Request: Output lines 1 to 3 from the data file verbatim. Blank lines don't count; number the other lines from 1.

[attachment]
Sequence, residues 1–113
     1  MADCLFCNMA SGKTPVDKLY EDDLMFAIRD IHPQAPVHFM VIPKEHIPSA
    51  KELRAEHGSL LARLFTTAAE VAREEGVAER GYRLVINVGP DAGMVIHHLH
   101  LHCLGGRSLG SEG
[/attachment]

Sequence, residues 1–113
     1  MADCLFCNMA SGKTPVDKLY EDDLMFAIRD IHPQAPVHFM VIPKEHIPSA
    51  KELRAEHGSL LARLFTTAAE VAREEGVAER GYRLVINVGP DAGMVIHHLH